Jonathan Kirsch is book editor of The Jewish Journal. Earlier this week, he wrote about Jewish resistance and restoring Herschel Grynszpan to the pages of history His blog posts are featured on The Arty Semite courtesy of the Jewish Book Council and My Jewish Learning’s Author Blog Series. For more information on the series, please visit:
At the age of 17, as a refugee from Nazi Germany living illegally in Paris, Herschel Grynszpan saw the world in 1938 as a dire and dangerous place, a perception that he shared with all of his fellow Jews. Unlike them, however, he was capable of imagining the atrocities that the Germans would be willing to carry out in the next few years, and he resolved to call attention to the plight of the Jews by assassinating a Nazi diplomat. That’s the story I tell in my new book, “The Short, Strange Life of Herschel Grynszpan: A Boy Avenger, a Nazi Diplomat and a Murder in Paris” (Liveright).
“I have to protest in a way that the whole world hears my protest,” he wrote to his parents in a confessional postcard that he was unable to mail before his arrest, “and this I intend to do.”
Herschel is not the only young Jew who showed more vision and more courage than his elders in those terrible times. After all, it was the youthful activists of the Bund and the Zionist movement, both left and right, who banded together in the ghetto uprisings in Warsaw and elsewhere while some older and supposedly wiser members of the Judenrat cooperated with the Germans in drafting the deportation lists. (To be sure, young people can be impulsive and even reckless — we have seen yet more evidence of this fact in recent headlines — but we should not deny that sometimes a hotheaded boy can be right.)
Yet it is the young ghetto fighters who are remembered, honored and celebrated, while Herschel Grynszpan is almost wholly ignored.
More than one reason can be cited to explain why Grynszpan has been derogated, diminished and sometimes entirely left out of the history of Jewish resistance during the Second World War. In my book, I explore all of the rumor and speculation that has attached itself to the Grynszpan case, including a catalogue of conspiracy theories, some focusing on the Jews and some on the Nazis, which have been offered to explain his exploits. (Hannah Arendt embraced one of the more bizarre theories in “Eichmann in Jerusalem.”) One reason, however, stands out.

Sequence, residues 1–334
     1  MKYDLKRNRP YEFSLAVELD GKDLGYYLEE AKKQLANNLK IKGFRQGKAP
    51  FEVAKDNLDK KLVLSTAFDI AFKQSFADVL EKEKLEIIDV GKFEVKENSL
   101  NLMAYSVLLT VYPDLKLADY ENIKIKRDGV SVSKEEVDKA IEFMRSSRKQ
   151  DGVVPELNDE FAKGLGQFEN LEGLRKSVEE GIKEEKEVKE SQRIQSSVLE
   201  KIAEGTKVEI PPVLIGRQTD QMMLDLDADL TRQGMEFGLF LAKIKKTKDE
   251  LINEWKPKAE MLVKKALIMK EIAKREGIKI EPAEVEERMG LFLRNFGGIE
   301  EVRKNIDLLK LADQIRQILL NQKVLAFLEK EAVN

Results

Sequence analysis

At a crucial moment in the Grynszpan case, when the boy was awaiting his murder trial in Paris, Herschel’s attorney made a remarkable proposal to his client. The French were fearful of war with Germany, he pointed out, and no jury would dare to acquit him of the crime if they believed that he had murdered a Nazi diplomat as a gesture of protest against the Third Reich. But what if his motive was something more intimate? What if the Nazi diplomat whom he killed was a sexual predator who had seduced and then abandoned him? If so, the attorney suggested, the jury might be persuaded to regard the whole affair as case as a crime passionelle rather than a political assassination.
Grynszpan rejected the scandalous theory of defense and insisted on justifying his crime as a legitimate act of protest against Nazi mistreatment of the Jewish people. The idea was abandoned by his attorney, who dismissed Herschel as “that absurd little Jew,” but not by Herschel himself. Once in Germany custody, utterly alone in a Gestapo cell, he saw a single way to frustrate Hitler’s plan for a show trial. If put on trial, he courageously told his interrogators, he would testify that he murdered the Nazi diplomat as an act of revenge against a homosexual predator who had ruined and betrayed him.
Here was Herschel’s single greatest act of courage and vision. He understood that the Nazis hated homosexuals as much as they hated Jews, and he recognized that they would not stage a show trial if he were to sully the honor of the Third Reich by characterizing his victim as a gay man. The decision was made by Hitler himself after he had been warned of Herschel’s intentions by the trial planners, and the elaborate script that had been prepared for the Grynszpan trial was shelved. Herschel had sabotaged the Nazi plans for a propaganda coup, but he also managed to cast a shadow over his own motives. “I guarantee you, if everything about Grynszpan’s case was the same, except that he slept with Anne Frank,” wrote journalist Jonathan Marks in the New York Jewish Week in 2010, “there’d be floats in his honor at the Salute to Israel Parade.”
No hard historical evidence supports the allegation that he had been seduced and abandoned by the man he assassinated. Indeed, we do not know with certainty whether or not Herschel was gay at all. But it is beyond serious debate that the explosive issue of sexual orientation that he injected into the case while in German custody cast a pall over his exploits. The Nazis were hardly the only homophobes, then or now, and his avowed sexual orientation may help us understand why he is treated so coolly even in Jewish circles.
Jonathan Kirsch is author of 13 books, book editor of The Jewish Journal, and an intellectual property attorney in Los Angeles.
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